I could go on, but the point is, whatever you are used to is
easiest for you. If those from the "gold is easier" camp want to
weigh in here and disabuse me, I'd like to see the comments-- I may
well be missing something.
As someone who primarily works with gold, I think you're right on.
I started with silver; in fact, at one time, I found gold (and
diamonds totally unappealing. When I first started working with
gold, I hated it. Every time I blinked an eye (almost literally), I
melted something. I was just not used to how poorly it conducted
heat in comparison to silver.
Eventually, with a lot of practice, I learned to work efficiently
with gold (most of the time!). Now I love it. The ability to spot
solder compensates for any silver-soldering characteristic you might
name, in my opinion. On the rare occasions I work with silver now, I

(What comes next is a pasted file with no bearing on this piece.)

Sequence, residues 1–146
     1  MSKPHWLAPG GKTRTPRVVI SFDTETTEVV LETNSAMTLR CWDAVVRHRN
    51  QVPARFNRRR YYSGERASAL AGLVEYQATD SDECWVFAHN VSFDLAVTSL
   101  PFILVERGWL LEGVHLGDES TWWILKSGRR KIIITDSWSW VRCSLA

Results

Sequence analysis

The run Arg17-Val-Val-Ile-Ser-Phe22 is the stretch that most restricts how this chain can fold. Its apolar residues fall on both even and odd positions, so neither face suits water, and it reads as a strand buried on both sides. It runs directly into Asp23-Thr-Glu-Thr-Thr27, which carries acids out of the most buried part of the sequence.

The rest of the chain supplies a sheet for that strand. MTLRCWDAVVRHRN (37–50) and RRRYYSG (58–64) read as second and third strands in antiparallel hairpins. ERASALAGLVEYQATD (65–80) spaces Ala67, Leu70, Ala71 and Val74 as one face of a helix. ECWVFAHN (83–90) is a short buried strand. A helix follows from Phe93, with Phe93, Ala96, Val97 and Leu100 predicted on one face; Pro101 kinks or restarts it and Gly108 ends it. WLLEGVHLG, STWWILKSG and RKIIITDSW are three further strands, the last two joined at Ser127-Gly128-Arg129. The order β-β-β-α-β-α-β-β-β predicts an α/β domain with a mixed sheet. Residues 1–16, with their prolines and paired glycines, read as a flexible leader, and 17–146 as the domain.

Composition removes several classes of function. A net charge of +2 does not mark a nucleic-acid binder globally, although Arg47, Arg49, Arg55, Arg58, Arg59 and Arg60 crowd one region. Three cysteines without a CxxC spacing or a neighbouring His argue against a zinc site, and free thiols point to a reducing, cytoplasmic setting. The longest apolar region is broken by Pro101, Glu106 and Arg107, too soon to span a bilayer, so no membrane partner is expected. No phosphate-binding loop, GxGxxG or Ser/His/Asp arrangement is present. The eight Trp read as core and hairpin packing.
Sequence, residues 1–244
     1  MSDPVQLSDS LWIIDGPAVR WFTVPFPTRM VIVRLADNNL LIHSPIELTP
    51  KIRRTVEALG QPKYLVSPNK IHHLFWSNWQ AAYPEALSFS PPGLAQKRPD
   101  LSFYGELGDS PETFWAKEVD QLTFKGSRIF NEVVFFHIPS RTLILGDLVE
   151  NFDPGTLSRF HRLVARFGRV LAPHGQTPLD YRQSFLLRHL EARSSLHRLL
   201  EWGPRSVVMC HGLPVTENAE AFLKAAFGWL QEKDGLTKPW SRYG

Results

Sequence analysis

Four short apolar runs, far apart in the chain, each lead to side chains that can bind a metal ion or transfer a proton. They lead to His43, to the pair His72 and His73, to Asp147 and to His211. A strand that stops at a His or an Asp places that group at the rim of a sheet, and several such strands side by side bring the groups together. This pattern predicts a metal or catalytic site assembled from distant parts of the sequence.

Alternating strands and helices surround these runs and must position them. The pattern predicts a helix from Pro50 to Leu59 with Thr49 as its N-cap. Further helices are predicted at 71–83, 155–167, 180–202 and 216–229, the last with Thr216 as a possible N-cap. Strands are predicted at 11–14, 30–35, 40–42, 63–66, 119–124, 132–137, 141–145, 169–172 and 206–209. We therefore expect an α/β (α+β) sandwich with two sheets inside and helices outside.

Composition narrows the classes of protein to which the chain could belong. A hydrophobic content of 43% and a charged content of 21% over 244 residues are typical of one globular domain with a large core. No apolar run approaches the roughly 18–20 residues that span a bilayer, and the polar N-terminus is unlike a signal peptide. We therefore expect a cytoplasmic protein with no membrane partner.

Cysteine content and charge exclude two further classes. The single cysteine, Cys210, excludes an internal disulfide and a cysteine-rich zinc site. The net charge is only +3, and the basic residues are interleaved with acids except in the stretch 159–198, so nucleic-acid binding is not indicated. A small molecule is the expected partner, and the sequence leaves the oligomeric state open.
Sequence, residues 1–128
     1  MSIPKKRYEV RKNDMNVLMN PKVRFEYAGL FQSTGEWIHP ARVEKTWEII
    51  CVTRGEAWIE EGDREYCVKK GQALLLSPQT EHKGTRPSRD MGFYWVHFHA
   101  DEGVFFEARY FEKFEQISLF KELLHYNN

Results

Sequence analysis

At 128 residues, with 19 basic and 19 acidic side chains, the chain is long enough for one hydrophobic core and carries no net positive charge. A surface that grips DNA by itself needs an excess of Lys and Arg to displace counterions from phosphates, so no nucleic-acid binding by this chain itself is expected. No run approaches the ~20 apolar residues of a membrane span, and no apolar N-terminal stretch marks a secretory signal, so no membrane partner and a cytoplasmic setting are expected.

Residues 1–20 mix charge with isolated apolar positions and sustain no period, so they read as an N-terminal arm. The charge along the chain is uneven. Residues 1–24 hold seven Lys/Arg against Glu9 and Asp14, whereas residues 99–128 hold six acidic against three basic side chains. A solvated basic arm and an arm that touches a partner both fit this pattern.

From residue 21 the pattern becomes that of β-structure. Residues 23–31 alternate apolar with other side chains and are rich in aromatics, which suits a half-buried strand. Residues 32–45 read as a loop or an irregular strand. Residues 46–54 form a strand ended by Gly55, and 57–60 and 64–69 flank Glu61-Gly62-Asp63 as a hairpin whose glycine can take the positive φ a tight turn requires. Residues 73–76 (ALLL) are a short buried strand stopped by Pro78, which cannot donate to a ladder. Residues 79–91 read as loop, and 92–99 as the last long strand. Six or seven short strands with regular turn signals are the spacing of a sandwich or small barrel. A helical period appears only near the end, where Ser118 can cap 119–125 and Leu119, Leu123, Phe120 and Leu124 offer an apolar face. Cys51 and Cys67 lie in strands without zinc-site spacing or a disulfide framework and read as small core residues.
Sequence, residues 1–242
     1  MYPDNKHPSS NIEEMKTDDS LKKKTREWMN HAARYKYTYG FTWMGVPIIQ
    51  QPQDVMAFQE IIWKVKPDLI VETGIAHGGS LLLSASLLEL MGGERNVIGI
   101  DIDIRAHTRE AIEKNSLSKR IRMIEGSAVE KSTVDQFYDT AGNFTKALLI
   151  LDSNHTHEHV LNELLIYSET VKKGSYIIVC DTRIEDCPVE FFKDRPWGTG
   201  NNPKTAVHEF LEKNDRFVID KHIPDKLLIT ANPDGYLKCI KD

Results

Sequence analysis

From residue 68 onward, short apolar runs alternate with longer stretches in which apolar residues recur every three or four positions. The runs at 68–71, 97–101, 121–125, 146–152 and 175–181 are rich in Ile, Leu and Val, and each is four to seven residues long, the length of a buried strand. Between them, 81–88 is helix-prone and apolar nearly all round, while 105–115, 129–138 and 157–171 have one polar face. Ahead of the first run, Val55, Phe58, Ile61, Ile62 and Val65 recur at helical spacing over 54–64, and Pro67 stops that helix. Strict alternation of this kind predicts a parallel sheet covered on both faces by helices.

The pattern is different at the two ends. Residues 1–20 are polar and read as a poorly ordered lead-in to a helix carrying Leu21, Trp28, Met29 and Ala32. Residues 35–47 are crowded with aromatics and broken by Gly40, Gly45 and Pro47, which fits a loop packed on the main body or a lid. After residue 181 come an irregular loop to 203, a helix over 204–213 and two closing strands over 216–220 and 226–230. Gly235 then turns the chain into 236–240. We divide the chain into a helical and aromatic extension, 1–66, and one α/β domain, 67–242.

always have to make a mental adjustment, but I've found that my
experience working with gold has made me a better silver worker as
A few tips for soldering gold:
1) Keep the flame moving: If you hold it in one place even a
second too long, you WILL melt something.
2) A codicil to the above: Do not let yourself get distracted with
a lit torch in your hand!
3) Consider using higher karat gold for the most delicate parts,
like wire. I usually use 22K bezel wire and 18K round, etc., wire on
a 14K backing. The higher karat golds have a higher melting point.
4) Use lots of heat sinks: I keep broken bur shafts, washers,
nails, bolts, you-name-it, to butt up against or lay over delicate
parts that are vulnerable during soldering processes. I far prefer
using heat sinks to yellow ochre or any other stop-flow preparation.
5) Remember that gold doesn't lose its value because you've melted
it! Your time lost, of course, is another story .